Thursday, April 26, 2007

Attainment Yoga

After reading Regina Clare Jane's posts about her awful workshop experiences (with an instructor who has actually been to South Africa and is returning soon, I believe), I feel I need to have another vent about attainment yoga. Those of you who have been reading this blog for a while may have noticed this theme already: Yoga is not about being the best, buffest, baddest yogi ever. Not in the physical sense, not in the emotional sense, not in the spiritual sense.

I also (briefly) got caught up in the scary yoga trend . Handstands (although we now all know what a very bad idea that was for me with those wrists!), flashy backbends that caused me get the idea. What worries me is this: if we are saying yoga is union of mind, body and soul through the breath, why would we need strong adjustments to take us into poses our breath didn't lead us to? That is to say, if today you go into a split and can't maintain a comfortable breath, why not come out and do the pose another day when you are looser, more relaxed? Or maybe you don't need to do it at all.

If yoga is bad, or makes you feel like you are not good enough right now, then it is no longer yoga, it is an offshoot of physical or gym culture that looks a bit like yoga. Just because a computer-generated apple looks like the real thing, doesn't mean it is!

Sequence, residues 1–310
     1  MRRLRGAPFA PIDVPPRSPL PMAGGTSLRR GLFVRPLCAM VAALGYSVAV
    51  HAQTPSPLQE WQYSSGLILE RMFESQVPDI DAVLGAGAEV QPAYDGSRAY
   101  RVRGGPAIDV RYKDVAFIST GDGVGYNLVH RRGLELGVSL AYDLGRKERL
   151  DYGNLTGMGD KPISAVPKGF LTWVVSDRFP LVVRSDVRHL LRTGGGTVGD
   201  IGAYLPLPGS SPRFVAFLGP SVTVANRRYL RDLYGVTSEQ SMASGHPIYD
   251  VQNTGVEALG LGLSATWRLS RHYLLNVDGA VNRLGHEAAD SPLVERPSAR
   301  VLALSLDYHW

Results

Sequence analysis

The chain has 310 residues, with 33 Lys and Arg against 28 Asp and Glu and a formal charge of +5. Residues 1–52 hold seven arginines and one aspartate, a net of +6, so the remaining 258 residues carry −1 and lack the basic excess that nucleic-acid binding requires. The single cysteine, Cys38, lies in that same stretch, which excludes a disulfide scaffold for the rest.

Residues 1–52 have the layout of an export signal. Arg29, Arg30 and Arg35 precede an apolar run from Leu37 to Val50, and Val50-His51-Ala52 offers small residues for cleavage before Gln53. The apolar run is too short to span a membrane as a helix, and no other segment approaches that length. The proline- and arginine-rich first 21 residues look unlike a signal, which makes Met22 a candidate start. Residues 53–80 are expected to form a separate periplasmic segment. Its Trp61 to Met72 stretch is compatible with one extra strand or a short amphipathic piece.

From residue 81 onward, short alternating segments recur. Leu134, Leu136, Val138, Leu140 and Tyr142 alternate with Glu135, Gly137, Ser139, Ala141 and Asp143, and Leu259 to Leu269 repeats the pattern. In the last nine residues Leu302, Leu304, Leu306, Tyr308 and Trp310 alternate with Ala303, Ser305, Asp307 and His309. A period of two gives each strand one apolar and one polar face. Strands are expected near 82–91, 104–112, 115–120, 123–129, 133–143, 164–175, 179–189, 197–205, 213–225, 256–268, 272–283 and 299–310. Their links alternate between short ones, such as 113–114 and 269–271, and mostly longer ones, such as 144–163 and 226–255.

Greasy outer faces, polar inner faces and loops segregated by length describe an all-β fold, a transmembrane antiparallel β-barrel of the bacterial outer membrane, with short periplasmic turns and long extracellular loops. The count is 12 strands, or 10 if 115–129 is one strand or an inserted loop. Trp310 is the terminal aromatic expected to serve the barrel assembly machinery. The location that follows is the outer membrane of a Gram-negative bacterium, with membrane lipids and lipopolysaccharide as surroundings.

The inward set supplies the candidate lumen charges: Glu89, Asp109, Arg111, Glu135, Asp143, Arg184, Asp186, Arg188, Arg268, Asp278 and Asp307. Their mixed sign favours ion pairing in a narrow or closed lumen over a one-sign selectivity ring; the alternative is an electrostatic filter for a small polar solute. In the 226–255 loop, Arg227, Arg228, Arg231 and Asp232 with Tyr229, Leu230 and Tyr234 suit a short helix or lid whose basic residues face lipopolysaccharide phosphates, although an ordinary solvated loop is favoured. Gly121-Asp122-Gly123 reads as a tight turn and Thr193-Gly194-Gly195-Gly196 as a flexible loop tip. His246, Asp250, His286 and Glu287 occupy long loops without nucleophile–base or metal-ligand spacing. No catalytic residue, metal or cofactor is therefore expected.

I am puzzled and quite worried that yoga in our society has become nothing more than a set of exercises to keep you in shape, and maybe allow you to contort in ways you couldn't before. I remember reading somewhere that before the resurgence of yoga in the last century, it was mostly practiced by Hindu holy men, and since they were practicing it only for spiritual purposes, they practiced about 40 poses. In total. Imagine that.

I know one yogini who has a personal trainer at the gym to keep her in shape. Now I have no problem with that, as long as she doesn't feel she has to do it in order to look a certain way because she is a yoga teacher. I have felt this pressure and suspect many of us do. This, also, is not yoga - it is just another layer of avidya, wrong knowledge, keeping us tied to our dukha (suffering). So if it doesn't make you feel better, or at least not worse, chances are it is gym culture in yoga's clothing.

Tuesday, April 24, 2007


Have a look at them wrists. Now you may think I am putting you on, but that really is the furthest that I can rotate my forearm in. If you look at Michelle, on the right, you will see that, with a big smile, she gets a range of movement I could never dream of. I have been testing everyone since the penny dropped that this could be causing my wrist pain, and I have yet to see anyone who is as limited as me in this particular area.